Archive for the 'Records' Category

Aaron’s 755 looks safe for now

Henry Aaron has been largely silent as Barry Bonds zeroes in on his home run record.

While he praised Selig for doing the right thing in appointing an investigation into steroids in baseball, he guardedly said he would congratulate Bonds if Barry were reach 756. “I wouldn’t say anything, just ‘God Bless You,'” Aaron said to the Associated Press. Can you really blame him for this reservation?

During his run at Ruth’s record in the 1970s, Aaron was on the receiving end of a lot of racist backlash. Now, thirty years later, Bonds is suffering in the eyes of the public but for vastly different reasons. Aaron’s treatment reflected the strain of race relations in the United States. Bonds’ treatment shows what happens in the court of public opinion to someone who may have cheated. While Bonds tries to play the race card, fans are hesitant at best to embrace his pursuit of the record because of his close ties to the BALCO court case and baseball’s current steroid scandal.

For Aaron, Bonds’ pursuit must be something to watch because these two players, while both immensely talented, have put together vastly different career profiles. Bonds, now famous for his late-career resurgence, has always been a flashy player. He made enemies in Pittsburgh with the Pirates’ management and took to calling Andy Van Slyke the Great White Hope because Slyke was better paid and more well-liked them him.

But for his attitude and talk, Bonds has been miles better than any other player in baseball even when you don’t consider his home runs. He won Gold Gloves seven times out of eight years in the 1990s. He won three MVP awards in the early 1990s and four so far in the twenty-first century. He’s topped 500 stolen bases and has over 2700 career hits.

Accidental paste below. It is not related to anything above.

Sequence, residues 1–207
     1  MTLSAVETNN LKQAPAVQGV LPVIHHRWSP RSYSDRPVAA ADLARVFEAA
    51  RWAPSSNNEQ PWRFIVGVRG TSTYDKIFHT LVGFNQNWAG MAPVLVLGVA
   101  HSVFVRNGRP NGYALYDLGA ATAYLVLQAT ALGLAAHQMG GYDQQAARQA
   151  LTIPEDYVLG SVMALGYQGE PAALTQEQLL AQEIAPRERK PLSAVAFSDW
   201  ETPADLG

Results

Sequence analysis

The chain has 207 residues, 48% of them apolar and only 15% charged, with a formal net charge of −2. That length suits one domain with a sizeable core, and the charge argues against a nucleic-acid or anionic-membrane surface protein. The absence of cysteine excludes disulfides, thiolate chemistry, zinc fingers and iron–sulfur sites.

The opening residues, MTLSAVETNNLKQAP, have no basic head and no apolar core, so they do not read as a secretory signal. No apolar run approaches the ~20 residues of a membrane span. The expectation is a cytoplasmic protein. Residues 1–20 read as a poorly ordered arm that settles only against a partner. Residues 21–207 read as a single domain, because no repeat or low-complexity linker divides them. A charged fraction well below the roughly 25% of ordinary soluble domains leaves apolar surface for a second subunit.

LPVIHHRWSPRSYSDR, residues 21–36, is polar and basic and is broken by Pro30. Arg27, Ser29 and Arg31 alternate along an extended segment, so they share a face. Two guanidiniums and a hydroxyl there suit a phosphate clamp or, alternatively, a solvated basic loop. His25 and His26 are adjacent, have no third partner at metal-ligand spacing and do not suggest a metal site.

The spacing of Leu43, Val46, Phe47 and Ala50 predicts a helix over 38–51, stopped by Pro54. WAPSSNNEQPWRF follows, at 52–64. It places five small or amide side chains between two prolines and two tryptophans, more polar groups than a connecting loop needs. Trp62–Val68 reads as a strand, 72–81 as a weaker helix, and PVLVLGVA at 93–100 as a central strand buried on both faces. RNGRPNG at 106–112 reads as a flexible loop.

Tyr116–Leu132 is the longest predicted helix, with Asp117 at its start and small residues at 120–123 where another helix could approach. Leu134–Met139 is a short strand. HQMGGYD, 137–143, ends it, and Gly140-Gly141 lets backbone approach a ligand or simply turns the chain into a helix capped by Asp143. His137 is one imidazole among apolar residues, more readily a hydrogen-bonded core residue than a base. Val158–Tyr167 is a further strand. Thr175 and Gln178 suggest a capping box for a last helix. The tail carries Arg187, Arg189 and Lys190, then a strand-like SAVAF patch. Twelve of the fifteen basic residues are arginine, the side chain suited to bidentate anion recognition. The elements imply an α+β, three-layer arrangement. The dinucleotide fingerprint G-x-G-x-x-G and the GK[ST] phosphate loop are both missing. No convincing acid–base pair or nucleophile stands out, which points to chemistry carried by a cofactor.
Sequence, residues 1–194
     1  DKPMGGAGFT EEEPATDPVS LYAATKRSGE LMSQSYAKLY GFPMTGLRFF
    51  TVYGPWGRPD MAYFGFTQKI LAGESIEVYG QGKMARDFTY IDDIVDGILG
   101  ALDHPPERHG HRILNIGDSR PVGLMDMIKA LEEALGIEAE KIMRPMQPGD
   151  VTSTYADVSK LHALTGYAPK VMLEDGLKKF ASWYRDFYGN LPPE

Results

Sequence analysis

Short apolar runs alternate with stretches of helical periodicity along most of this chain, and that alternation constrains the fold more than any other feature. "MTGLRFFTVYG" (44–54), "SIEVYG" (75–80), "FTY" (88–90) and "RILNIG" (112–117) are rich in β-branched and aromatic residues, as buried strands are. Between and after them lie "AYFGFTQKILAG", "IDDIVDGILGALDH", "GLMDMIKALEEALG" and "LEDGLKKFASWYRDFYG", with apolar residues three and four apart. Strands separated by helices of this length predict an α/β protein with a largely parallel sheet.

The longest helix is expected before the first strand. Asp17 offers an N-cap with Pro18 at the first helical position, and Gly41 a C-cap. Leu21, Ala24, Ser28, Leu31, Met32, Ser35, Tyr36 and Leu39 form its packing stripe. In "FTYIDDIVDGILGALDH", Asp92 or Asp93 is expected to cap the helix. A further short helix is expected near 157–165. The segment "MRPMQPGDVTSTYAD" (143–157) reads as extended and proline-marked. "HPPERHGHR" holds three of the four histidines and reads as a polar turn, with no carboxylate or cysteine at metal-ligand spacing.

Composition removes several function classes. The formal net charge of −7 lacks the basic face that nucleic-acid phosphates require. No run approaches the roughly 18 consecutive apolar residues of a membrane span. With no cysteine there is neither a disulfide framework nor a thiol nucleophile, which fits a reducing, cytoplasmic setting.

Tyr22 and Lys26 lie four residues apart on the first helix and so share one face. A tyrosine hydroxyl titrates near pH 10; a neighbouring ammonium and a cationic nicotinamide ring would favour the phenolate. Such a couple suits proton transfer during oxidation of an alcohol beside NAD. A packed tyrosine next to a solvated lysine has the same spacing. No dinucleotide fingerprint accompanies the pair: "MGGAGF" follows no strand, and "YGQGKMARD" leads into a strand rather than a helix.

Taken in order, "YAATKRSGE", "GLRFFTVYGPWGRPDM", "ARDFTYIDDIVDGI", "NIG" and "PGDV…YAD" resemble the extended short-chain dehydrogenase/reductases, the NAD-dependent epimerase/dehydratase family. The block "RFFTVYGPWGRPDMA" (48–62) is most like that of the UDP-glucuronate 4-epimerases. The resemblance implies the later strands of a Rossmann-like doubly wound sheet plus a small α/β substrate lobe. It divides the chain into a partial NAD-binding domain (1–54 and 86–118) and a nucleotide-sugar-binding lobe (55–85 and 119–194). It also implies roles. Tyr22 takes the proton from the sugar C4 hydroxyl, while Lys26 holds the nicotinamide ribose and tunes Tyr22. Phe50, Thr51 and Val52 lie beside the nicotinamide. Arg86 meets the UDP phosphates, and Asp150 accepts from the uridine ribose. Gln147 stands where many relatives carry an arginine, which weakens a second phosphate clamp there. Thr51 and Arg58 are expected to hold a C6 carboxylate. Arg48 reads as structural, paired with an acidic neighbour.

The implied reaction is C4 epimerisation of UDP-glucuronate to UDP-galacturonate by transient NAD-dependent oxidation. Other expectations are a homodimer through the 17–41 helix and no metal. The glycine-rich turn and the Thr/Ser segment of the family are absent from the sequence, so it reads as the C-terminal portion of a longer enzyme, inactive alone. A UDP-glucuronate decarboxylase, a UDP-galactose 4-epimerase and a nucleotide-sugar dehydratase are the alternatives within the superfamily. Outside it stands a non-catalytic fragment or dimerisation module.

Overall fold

While Bonds has put up gaudy totals in spurts while maintaining an overall level of excellence, Aaron was consistently at the top of his game from 1955 until 1973…

The hunt for 756 claims another casualty

Every baseball record is made to be broken. Cal Ripken surpassed Lou Gehrig. Ichiro topped George Sisler. That’s one of the joys of watching baseball day in and day out.

But even so, some numbers seem more sacred than others. There’s Rogers Hornsby’s modern-era batting average record of .424. There’s Ted Williams’ .406. There’s Joe DiMaggio’s 56. And then there is Hank Aaron’s 755.

For 30 years, Aaron’s number has stood as a testament to longevity. Hammerin’ Hank played 23 seasons, averaging 37 home runs a year. On April 8, 1974, at the age of 40, Aaron hit home run number 715, eclipsing Babe Ruth’s previous record.

Aaron’s was a record that many thought would never be broken. The home run hitters of the late 1970s and 1980s were prolific but not nearly as consistent as Aaron. Reggie Jackson ended his career at 563. Mike Schmidt finished with 548. Certainly, these were impressive, Hall-of-Fame worthy numbers, but Aaron towered above these sluggers.

That is, he towered above these sluggers until what is now known as the Steroid Era of the 1990s when two players – Mark McGwire and Sammy Sosa – captivated a nation and brought home baseball’s popularity. After the summer of 1998, the home run year, many baseball watchers thought that McGwire or Sosa would challenge Aaron. When the two topped 60 again in 1999, the hunt was on.

But it was not to be. McGwire, whose first missed significant time at ages 29 and 30, his peak offensive years, felt age rush upon him. By the time he turned 38, he had already retired from the game. Had he played until age 42, as Aaron did, he may well have reached the 700s. As it was, when he retired after the 2001 campaign, he still managed to hit a home run every 10 at bats. He had the strength; he had the eye; but the rest of his body wouldn’t let him keep going. Aaron was safe for a few more years.